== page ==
Then there were these five hundred monkeys hanging out in some trees next to a large pool of water. After night came down, the chief monkey saw the moon reflected in the water below him. He asked all the others come over to his tree and join hands and tails to form a chain, so that he’d be able to lean out over the pool and grab the moon. Well, that many monkeys in one tree was just too much and the branches broke and all five hundred of the primates fell into the water and drowned.
The point of the story you can plainly see. As long as you are blinded by illusion, all that waits for you is suffering. So don’t go mistaking a reflection for the real moon.
In Genjo-koan (“Realizing the Prime Point’), Dogen wrote, “Awakening is like the moon reflected on water.”
One meaning of this statement is that awakening or Buddhahood is not a destination to be reached in the remote future but a potential already inherent in life. If we see it as something outside of ourselves, it’s an illusion.
Earlier in the essay Dogen says, “Those who greatly awaken to illusion are Buddhas. Those greatly deluded amid awakening are sentient beings. Some people continue to awaken beyond awakening. Some continue amid their illusion deeper into further illusion.”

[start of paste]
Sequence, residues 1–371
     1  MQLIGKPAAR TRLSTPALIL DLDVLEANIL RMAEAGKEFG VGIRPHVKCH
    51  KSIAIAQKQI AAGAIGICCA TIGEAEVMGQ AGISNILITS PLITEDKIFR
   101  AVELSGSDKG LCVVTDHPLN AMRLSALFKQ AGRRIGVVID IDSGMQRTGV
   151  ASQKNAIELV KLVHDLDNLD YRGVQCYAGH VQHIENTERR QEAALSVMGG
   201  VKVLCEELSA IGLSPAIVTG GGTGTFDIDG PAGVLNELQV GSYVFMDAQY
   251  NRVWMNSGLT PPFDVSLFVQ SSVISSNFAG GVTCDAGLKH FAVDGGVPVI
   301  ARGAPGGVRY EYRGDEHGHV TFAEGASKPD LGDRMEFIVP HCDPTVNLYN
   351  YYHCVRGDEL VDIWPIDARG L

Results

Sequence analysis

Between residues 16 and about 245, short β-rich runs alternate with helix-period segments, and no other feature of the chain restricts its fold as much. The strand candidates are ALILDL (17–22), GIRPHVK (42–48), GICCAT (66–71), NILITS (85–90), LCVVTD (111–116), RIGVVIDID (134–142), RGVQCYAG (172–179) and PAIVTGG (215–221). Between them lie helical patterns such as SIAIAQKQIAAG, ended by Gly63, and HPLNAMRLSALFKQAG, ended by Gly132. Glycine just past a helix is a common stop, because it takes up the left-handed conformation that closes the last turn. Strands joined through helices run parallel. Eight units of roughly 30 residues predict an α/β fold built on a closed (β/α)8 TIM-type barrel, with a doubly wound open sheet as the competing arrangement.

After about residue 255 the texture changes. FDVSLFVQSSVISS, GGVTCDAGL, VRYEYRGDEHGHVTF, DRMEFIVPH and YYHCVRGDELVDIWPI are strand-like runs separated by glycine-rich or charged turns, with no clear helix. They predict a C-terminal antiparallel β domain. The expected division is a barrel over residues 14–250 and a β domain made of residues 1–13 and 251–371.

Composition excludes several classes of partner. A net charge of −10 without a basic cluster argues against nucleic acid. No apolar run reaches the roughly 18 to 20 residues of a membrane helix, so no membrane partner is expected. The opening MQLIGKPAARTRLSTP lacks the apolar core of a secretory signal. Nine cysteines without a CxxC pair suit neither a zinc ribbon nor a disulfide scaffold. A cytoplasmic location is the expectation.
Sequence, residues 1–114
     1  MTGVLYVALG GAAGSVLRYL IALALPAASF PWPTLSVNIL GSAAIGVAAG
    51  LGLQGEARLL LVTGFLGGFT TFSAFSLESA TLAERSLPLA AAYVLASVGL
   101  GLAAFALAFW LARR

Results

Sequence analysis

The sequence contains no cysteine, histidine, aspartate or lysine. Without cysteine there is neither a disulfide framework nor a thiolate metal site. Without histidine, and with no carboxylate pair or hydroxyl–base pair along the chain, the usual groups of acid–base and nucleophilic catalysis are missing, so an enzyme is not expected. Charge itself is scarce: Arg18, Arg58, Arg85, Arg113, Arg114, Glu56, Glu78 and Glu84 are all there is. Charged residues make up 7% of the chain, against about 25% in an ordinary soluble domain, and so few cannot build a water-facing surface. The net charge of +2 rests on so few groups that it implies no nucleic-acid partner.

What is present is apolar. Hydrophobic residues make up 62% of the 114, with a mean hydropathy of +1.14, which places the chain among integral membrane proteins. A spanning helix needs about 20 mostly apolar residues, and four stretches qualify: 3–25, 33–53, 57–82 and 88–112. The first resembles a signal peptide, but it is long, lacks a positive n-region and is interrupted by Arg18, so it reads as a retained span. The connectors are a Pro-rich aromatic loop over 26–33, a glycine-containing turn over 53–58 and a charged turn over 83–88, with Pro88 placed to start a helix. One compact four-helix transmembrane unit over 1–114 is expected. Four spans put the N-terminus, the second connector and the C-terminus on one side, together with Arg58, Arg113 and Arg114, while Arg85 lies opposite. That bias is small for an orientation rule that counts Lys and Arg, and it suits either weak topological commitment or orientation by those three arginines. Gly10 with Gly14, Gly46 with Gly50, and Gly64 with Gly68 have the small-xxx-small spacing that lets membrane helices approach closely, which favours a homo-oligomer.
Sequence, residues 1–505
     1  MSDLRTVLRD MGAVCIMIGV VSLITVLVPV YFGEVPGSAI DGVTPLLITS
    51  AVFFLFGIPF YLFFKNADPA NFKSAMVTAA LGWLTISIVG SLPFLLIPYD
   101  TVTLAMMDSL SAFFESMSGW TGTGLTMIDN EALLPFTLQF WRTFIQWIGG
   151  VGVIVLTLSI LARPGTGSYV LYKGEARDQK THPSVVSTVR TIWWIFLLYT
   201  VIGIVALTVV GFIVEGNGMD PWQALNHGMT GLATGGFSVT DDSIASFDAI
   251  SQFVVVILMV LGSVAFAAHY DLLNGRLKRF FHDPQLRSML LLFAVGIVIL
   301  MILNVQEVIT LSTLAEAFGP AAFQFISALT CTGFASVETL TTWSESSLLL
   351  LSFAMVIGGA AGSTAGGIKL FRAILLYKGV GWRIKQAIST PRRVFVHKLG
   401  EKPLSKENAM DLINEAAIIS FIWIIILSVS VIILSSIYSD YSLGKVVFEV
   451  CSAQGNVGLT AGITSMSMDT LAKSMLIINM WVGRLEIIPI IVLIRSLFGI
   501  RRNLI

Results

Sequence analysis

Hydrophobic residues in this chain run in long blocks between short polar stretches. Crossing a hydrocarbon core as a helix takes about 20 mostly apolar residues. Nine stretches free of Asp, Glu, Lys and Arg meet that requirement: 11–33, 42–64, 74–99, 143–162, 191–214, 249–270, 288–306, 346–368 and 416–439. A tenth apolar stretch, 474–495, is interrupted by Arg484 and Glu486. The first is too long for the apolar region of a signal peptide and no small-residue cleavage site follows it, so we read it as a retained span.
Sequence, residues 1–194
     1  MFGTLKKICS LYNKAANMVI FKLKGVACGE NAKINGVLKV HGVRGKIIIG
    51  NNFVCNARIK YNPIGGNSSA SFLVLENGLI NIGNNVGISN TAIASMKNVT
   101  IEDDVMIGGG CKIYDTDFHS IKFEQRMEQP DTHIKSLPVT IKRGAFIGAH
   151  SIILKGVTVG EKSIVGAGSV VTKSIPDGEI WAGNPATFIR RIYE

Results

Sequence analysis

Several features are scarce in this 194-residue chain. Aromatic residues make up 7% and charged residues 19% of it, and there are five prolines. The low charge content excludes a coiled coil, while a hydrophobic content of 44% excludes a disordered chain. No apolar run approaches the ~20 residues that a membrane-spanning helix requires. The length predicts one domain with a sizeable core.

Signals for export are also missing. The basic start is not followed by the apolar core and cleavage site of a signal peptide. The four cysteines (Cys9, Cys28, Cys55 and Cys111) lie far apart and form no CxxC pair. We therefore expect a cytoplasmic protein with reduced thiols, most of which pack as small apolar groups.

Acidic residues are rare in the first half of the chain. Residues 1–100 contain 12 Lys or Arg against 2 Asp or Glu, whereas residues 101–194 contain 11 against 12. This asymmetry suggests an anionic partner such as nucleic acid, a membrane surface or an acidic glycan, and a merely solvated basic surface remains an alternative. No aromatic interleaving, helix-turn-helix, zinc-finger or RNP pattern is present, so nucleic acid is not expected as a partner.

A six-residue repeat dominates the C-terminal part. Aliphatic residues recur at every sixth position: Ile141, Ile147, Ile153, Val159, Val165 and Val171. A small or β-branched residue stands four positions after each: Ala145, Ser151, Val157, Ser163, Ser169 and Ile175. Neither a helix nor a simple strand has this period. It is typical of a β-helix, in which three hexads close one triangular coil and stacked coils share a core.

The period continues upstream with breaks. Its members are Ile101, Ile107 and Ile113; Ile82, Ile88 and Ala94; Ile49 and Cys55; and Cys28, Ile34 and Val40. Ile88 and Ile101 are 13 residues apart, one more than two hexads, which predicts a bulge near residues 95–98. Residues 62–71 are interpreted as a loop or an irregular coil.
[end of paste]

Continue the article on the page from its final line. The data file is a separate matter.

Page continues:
Another Dogen work, Bussho (“Buddha Nature”), begins with a quote from the Nirvana Sutra: “All sentient beings have buddha nature.” Some paragraphs later, he takes exception to this statement, asserting that it is incorrect to say that sentient beings “have” or “possess” buddha nature because sentient beings are buddha nature, indeed all reality is buddha nature.
Conventionally speaking, it is not wrong to say that all sentient beings have buddha nature because we can access it. If we could not access it then we would not have it. Accessing buddha nature means to develop this potential, nurture it.
Furthermore, we have something, what Buddhism provides, the means to actualize awakening, to make it a common experience, not an extraordinary event.